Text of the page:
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The federal government doesn't want a media outlet to defend transparency and freedom of expression in a Canadian lawsuit that will put Volkswagen's emissions cheating scandal under the microscope.
Environmental groups launched the case last summer to force Environment and Climate Change Canada to complete an investigation of the German automaker for cheating on emissions tests to conceal the true levels of toxic pollution released from its vehicles.
If successful, the lawsuit would also force the environment department to produce all of its records on the investigation so far, including internal Volkswagen documents.
Company officials have already been prosecuted over the scandal in the U.S., but no charges have been laid in Canada, despite the conspiracy having emerged more than two years ago.
National Observer filed papers on Friday to intervene in the Canadian case in response to Volkswagen's intervention, which seeks to limit the release of its corporate records in court.
The government had no objections to Volkswagen's intervention, but told National Observer's lawyer in a letter that it believes environmental groups can adequately defend "the open-court principle and the associated right to freedom of expression" without a media outlet.
"In that regard, it appears to us that the position National Observer intends to advance in this proceeding is already adequately defended by the Applicants," wrote Michael Roach, acting general counsel at the federal justice department, on Dec. 21, 2017.
The letter from Roach also indicated that the government does not believe National Observer's lawyer should be allowed to file evidence or cross-examine witnesses about the case.
National Observer, which does in-depth reporting on politics and the environment, sought to argue in court that the documents must be unsealed as a matter of public interest, freedom of the press, and respect for Canada's legal commitment to open and accessible court proceedings.
The government's desire to keep journalists from intervening in a courtroom is unusual, said lawyer Paul Champ, given that it has consented to Volkswagen's request to intervene. Volkswagen, however, intends to argue that the investigation documents should remain secret, since they may contain company information that it considers confidential.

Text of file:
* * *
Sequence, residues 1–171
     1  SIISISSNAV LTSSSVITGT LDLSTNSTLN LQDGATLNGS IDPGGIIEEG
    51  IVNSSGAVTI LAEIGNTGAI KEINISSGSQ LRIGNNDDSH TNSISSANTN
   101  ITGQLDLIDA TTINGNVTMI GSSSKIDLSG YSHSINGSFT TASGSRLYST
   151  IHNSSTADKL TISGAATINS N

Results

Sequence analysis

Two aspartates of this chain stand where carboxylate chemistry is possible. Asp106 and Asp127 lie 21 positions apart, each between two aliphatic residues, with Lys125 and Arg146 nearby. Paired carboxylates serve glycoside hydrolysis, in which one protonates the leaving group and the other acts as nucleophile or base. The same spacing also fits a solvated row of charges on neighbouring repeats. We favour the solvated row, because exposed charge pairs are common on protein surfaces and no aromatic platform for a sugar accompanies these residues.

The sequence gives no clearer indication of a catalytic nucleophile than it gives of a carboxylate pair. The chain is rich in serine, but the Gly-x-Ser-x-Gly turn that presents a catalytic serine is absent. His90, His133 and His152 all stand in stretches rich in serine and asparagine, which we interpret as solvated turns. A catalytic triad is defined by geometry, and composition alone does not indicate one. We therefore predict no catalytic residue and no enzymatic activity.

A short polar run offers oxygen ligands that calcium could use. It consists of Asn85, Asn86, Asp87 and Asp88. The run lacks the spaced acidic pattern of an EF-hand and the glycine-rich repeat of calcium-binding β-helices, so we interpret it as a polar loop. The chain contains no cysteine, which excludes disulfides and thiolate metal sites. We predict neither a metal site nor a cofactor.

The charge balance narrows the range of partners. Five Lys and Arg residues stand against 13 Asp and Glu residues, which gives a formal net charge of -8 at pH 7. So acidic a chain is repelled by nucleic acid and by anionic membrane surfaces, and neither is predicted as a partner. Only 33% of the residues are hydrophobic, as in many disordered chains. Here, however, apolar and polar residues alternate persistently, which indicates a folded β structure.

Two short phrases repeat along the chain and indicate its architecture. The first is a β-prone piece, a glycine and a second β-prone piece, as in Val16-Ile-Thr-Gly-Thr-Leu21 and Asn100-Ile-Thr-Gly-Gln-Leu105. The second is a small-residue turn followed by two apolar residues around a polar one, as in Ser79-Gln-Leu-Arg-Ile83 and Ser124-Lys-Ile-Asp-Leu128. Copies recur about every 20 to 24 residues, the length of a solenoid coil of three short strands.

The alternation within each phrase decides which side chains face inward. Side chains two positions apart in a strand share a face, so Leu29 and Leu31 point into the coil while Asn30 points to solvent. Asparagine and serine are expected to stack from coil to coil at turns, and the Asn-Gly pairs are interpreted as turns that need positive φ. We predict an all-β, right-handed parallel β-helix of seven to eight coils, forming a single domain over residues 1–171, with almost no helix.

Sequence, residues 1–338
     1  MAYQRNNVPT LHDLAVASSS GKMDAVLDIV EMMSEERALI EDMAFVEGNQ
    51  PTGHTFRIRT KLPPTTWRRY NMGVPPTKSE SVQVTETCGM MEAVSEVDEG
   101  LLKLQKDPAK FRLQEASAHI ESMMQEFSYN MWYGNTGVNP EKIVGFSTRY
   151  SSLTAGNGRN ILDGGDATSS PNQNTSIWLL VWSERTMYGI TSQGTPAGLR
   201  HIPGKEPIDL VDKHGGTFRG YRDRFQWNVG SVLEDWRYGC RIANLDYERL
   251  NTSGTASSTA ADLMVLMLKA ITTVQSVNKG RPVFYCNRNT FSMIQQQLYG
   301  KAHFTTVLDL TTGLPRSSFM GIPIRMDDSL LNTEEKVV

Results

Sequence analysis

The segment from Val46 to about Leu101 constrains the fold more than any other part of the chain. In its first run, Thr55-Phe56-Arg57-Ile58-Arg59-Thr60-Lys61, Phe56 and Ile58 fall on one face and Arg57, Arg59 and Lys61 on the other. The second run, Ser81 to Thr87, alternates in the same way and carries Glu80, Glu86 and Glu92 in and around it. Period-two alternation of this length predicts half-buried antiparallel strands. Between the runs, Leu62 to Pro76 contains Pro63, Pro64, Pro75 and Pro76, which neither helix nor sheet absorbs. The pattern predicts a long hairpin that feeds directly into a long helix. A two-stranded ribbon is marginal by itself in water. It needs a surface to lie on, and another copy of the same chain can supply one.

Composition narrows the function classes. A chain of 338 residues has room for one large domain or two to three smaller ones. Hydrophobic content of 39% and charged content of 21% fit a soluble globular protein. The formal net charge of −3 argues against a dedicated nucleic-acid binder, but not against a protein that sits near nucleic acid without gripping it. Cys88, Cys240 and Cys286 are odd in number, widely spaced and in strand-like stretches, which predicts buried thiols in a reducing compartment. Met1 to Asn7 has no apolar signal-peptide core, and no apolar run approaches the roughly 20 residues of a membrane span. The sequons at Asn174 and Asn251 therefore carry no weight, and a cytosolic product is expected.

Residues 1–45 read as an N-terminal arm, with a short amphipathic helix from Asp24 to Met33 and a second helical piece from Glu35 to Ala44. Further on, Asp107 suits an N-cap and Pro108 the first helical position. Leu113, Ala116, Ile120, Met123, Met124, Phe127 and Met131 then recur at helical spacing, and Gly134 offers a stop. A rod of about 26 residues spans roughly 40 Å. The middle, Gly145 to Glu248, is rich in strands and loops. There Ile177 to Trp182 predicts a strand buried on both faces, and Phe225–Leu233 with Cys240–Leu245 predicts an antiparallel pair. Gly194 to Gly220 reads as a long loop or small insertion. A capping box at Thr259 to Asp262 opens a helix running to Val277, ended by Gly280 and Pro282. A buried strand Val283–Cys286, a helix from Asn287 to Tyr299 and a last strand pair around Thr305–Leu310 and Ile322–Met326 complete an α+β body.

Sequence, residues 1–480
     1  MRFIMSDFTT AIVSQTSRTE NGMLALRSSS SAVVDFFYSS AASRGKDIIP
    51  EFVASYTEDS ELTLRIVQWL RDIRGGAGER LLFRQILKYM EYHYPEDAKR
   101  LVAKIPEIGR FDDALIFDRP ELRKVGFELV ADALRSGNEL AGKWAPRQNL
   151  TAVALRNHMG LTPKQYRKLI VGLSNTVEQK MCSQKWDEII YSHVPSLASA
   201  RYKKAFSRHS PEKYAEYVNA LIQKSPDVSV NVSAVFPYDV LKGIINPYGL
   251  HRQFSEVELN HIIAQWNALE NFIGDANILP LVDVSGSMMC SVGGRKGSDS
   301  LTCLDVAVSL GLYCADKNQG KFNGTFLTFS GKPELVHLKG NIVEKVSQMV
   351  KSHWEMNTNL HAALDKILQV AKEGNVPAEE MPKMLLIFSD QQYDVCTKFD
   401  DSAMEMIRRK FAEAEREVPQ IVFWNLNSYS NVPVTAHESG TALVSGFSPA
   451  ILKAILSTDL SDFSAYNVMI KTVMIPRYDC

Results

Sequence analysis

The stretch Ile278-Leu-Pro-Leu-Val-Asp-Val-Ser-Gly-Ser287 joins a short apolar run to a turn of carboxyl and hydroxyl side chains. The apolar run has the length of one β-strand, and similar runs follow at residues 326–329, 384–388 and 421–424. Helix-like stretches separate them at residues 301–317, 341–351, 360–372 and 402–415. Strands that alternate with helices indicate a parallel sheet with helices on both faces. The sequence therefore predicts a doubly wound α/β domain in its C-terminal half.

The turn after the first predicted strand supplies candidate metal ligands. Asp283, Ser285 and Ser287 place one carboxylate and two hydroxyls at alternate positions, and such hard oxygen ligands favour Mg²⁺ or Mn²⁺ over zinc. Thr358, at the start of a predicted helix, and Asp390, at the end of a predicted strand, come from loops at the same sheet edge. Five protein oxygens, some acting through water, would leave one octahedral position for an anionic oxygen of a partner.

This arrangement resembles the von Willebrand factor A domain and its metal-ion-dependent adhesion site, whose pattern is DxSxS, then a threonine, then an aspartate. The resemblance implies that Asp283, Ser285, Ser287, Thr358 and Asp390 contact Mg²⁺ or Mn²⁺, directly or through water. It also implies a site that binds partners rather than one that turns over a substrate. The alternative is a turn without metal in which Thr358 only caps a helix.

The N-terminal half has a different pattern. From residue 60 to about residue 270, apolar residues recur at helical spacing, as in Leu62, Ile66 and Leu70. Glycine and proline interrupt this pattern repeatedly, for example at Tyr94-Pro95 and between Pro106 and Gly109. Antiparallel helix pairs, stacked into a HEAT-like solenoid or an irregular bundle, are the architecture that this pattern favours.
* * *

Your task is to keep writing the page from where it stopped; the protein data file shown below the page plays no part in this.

"I find it very surprising that the government would oppose a media organization wanting to appear before the court to address issues involving the open court principle," Champ, who is representing National Observer, explained.
Environmental groups launched the case last summer to force Environment and Climate Change Canada to complete an investigation of the German automaker for cheating on emissions tests.
"This is an important constitutional issue that has significance beyond the issues raised in this case — the right to freedom of the press and the right of the public to know what’s happening in our courts are regarded as fundamental principles in Canada."
Volkswagen declined to comment.
Marie-Pascale Des Rosiers, a spokeswoman for Environment Minister Catherine McKenna, said her department had nothing to do with the justice department's position against National Observer.
“The minister and our office were not at all involved in this," she said over the phone, responding to emailed questions. "...The decision you’re referring to was not even made by Environment Canada. It was made by the lawyers from the Department of Justice.
“We can’t comment really comment further because it’s an open court case and things like this are kept separate from politicians.”
Federal secrecy on the scandal
In 2015, Volkswagen admitted to installing software on more than 10 million vehicles that would trick emissions testing equipment into thinking the cars were emitting fewer climate-polluting greenhouse gases than they actually were. At least 100,000 of those vehicles were sold in Canada.
The conspiracy has since resulted in lengthy prison sentences for at least two senior Volkswagen officials, and billions of dollars in fines for the company, which has been ordered by courts to compensate owners of the faulty vehicles in Canada and the U.S., following a series of class action lawsuits in both countries as well as the prosecution in the United States.
Environment Canada has been investigating the German automaker in Canada for more than two years, but has consistently refused to provide records showing the scope of that investigation.
Frustrated by slow progress on the file, two environmental groups launched a lawsuit last year that aims to compel the department to finish its work, and release the documents it produced and collected. Those groups, Environmental Defense and the Canadian Association of Physicians for the Environment, have consented to National Observer's intervention in the case.
"My clients consented and said basically, 'Welcome on board National Observer, we don’t have a problem with it," said Ecojustice lawyer Amir Attaran, who is representing the environmental groups.
National Observer will take next steps
Despite the federal government's legal position against it, National Observer applied to intervene in the court proceedings on Friday through written submissions that outline its reasons for wanting the documents made public.
The courts will now determine whether to grant intervener status to the publication, as it has done for Volkswagen Canada.
A court decision is likely within two months, Champ said.
"We are optimistic that the jurisprudence supports our position and we're optimistic the court will grant our application for leave," said Champ.
"I would think that the government and Department of Justice would always be supportive of media organizations seeking standing to argue about freedom of the press and the open court principle. It's in these types of situations that media organizations are really defending the public interest."